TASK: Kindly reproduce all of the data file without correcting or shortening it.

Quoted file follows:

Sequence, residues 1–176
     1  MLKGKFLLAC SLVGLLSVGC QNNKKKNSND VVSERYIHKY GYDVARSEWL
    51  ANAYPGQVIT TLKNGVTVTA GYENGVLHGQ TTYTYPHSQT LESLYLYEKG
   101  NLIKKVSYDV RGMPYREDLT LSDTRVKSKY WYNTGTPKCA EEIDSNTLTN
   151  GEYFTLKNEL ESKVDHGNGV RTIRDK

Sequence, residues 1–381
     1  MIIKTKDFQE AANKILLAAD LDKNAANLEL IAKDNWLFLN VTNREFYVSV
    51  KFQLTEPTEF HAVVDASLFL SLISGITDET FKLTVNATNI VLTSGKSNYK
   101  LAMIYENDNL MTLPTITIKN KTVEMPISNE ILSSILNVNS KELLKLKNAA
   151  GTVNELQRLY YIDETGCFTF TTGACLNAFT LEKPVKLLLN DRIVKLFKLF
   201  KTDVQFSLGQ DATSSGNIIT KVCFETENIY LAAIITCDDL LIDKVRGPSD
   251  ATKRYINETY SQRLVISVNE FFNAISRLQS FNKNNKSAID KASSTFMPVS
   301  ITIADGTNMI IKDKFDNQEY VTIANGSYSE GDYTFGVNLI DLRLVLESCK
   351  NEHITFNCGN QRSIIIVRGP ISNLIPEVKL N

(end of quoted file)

Sequence, residues 1–176
     1  MLKGKFLLAC SLVGLLSVGC QNNKKKNSND VVSERYIHKY GYDVARSEWL
    51  ANAYPGQVIT TLKNGVTVTA GYENGVLHGQ TTYTYPHSQT LESLYLYEKG
   101  NLIKKVSYDV RGMPYREDLT LSDTRVKSKY WYNTGTPKCA EEIDSNTLTN
   151  GEYFTLKNEL ESKVDHGNGV RTIRDK

Sequence, residues 1–381
     1  MIIKTKDFQE AANKILLAAD LDKNAANLEL IAKDNWLFLN VTNREFYVSV
    51  KFQLTEPTEF HAVVDASLFL SLISGITDET FKLTVNATNI VLTSGKSNYK
   101  LAMIYENDNL MTLPTITIKN KTVEMPISNE ILSSILNVNS KELLKLKNAA
   151  GTVNELQRLY YIDETGCFTF TTGACLNAFT LEKPVKLLLN DRIVKLFKLF
   201  KTDVQFSLGQ DATSSGNIIT KVCFETENIY LAAIITCDDL LIDKVRGPSD
   251  ATKRYINETY SQRLVISVNE FFNAISRLQS FNKNNKSAID KASSTFMPVS
   301  ITIADGTNMI IKDKFDNQEY VTIANGSYSE GDYTFGVNLI DLRLVLESCK
   351  NEHITFNCGN QRSIIIVRGP ISNLIPEVKL N